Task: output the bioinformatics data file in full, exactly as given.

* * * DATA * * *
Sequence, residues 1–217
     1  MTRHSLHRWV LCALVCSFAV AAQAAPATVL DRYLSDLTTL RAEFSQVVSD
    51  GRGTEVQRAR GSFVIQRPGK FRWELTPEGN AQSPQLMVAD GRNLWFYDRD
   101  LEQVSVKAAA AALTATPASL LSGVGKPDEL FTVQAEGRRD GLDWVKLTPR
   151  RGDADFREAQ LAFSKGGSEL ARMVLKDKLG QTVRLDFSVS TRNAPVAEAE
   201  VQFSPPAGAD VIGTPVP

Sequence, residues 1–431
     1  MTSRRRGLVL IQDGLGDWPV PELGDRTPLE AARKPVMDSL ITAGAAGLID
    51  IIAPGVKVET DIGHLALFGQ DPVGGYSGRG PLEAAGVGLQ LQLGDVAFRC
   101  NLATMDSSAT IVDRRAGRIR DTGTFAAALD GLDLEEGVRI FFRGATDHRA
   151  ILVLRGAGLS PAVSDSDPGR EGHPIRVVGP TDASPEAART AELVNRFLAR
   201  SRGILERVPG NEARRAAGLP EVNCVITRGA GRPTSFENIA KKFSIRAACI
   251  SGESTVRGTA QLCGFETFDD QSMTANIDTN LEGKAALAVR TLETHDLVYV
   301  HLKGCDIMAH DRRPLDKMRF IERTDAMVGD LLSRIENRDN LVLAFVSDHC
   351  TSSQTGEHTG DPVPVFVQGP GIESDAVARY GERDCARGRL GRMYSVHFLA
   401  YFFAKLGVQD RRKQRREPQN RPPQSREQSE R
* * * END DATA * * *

Sequence, residues 1–217
     1  MTRHSLHRWV LCALVCSFAV AAQAAPATVL DRYLSDLTTL RAEFSQVVSD
    51  GRGTEVQRAR GSFVIQRPGK FRWELTPEGN AQSPQLMVAD GRNLWFYDRD
   101  LEQVSVKAAA AALTATPASL LSGVGKPDEL FTVQAEGRRD GLDWVKLTPR
   151  RGDADFREAQ LAFSKGGSEL ARMVLKDKLG QTVRLDFSVS TRNAPVAEAE
   201  VQFSPPAGAD VIGTPVP

Sequence, residues 1–431
     1  MTSRRRGLVL IQDGLGDWPV PELGDRTPLE AARKPVMDSL ITAGAAGLID
    51  IIAPGVKVET DIGHLALFGQ DPVGGYSGRG PLEAAGVGLQ LQLGDVAFRC
   101  NLATMDSSAT IVDRRAGRIR DTGTFAAALD GLDLEEGVRI FFRGATDHRA
   151  ILVLRGAGLS PAVSDSDPGR EGHPIRVVGP TDASPEAART AELVNRFLAR
   201  SRGILERVPG NEARRAAGLP EVNCVITRGA GRPTSFENIA KKFSIRAACI
   251  SGESTVRGTA QLCGFETFDD QSMTANIDTN LEGKAALAVR TLETHDLVYV
   301  HLKGCDIMAH DRRPLDKMRF IERTDAMVGD LLSRIENRDN LVLAFVSDHC
   351  TSSQTGEHTG DPVPVFVQGP GIESDAVARY GERDCARGRL GRMYSVHFLA
   401  YFFAKLGVQD RRKQRREPQN RPPQSREQSE R